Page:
What's the content?

 

The stories are usually how-to pieces, often broken into steps. They're evergreen, designed to be as relevant in a year or two as they are now. They're the kinds of questions I would usually get answered through a phone call to my contractor father, or my brother the car genius, or my mother the seamstress/cook/homemaker/gardener/early computer geek.

You can tell by the assignment headlines that they're generated from search engine queries, and sometimes those search terms provide some amusement. People are actually turning to Google to ask these questions? What happened to asking basic questions from friends and family?

But indeed, we're in a different world, and the criticism of Demand Media by some pundits strikes me as a bit elitist, as if the Internet weren't for everyone. A personal example:

(Daughter, 19, volunteers to help me with my eye shadow for a special event.)

Me: Where'd you learn this technique?

Her: Youtube.

(And indeed, eHow videos, supplied by Demand Media, show how to apply eye shadow.)

 

Swallowing my pride

 

My friends who first told me about Demand Studios are wordsmiths, copy editors of the highest skill levels, who worked for Demand Studios for $3.50 a story.

Yes, $3.50 a story. But one friend, once he had the hang of the system, managed to work fast enough to raise his rate to about $20 an hour, from his couch, on his schedule, while waiting to get a full-time job elsewhere.

Another friend also edited for Demand Studios, as a supplement to a part-time job before eventually getting full-time work, after about a year of underemployment.

Demand Media doesn't need help with public relations from me. They're compiling comments in an internal forum from their writers about why they love Demand Studios. And plenty of people have commented. They appear to be overwhelmingly women, often with children, often English majors or journalism students, looking for a way to do what they love and make a little money at it.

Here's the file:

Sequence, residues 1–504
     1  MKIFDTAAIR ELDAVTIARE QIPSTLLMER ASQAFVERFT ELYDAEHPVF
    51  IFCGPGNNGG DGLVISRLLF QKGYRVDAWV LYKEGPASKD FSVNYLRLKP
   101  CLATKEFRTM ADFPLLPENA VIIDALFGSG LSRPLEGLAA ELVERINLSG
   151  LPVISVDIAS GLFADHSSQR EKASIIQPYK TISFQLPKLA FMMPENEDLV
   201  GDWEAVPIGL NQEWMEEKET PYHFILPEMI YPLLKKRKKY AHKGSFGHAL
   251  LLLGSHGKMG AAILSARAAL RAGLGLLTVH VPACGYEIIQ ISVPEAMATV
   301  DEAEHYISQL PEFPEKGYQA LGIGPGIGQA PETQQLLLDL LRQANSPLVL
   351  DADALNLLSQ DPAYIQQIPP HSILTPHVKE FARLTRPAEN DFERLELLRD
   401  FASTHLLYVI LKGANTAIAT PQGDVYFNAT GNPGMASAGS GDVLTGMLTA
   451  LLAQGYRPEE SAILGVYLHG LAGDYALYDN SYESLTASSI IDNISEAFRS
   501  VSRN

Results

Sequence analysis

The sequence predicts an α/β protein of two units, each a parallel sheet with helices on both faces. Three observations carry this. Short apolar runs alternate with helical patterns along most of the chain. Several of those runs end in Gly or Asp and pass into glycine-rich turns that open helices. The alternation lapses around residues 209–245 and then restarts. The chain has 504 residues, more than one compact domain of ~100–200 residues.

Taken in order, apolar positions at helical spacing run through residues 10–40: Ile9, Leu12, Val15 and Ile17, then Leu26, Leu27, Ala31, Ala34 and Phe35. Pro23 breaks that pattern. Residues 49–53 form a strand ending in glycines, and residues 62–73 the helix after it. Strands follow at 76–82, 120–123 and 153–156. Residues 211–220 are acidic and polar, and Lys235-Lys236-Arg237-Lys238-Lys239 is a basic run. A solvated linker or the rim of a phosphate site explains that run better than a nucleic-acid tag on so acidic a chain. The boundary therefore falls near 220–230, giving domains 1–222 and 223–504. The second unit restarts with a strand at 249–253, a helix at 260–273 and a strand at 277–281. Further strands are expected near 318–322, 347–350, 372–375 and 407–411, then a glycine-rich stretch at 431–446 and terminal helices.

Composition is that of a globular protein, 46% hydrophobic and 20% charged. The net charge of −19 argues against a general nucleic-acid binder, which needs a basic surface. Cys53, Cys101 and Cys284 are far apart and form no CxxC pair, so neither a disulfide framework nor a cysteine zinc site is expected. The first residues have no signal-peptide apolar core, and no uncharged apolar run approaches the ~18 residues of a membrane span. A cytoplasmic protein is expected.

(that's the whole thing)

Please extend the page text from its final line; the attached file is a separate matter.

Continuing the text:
Compare those demographics to Wikipedia: more than 80% male, more than 65% single, more than 85% without children, around 70% under the age of 30.

Admittedly, working for Demand Studios isn't a point of pride for most professional journalists. But the interface and the editing allow people with other expertise to share knowledge. I recommended the site to my father the contractor. It could be a good way for a retiree with a lifetime of knowledge to document life lessons for others.

People with disabilities, or people who have to fit their work around children's schedules, or people between jobs have a place to earn some money, from their living rooms. It's not the only "writer mill" out there, but it has been under fire lately, and a look inside might add a little light.

Jay Rosen's interview with the CEO of Demand Media, Richard Rosenblatt, done via IM, included this quote from Rosenblatt:

"What's more like a sweatshop: someone's living room working their own hours or a typical newsroom?"

Certainly some people in newsrooms are feeling pressure these days, but perhaps that quote isn't quite fair. For a newsroom copy editor to earn $28 an hour (not factoring in benefits), at the Demand Studios rate of $3.50 a story, they would have to "edit" 64 stories in an eight-hour shift. I don't know of newsrooms that are quite at that point yet, but then again, we're in a global economy, with global pay rates.

Some wordsmiths will choose to work from their couches. Take a good, broad look at what they produce before criticizing.

Check out ReadWriteWeb's entire coverage of Demand Media and content farms: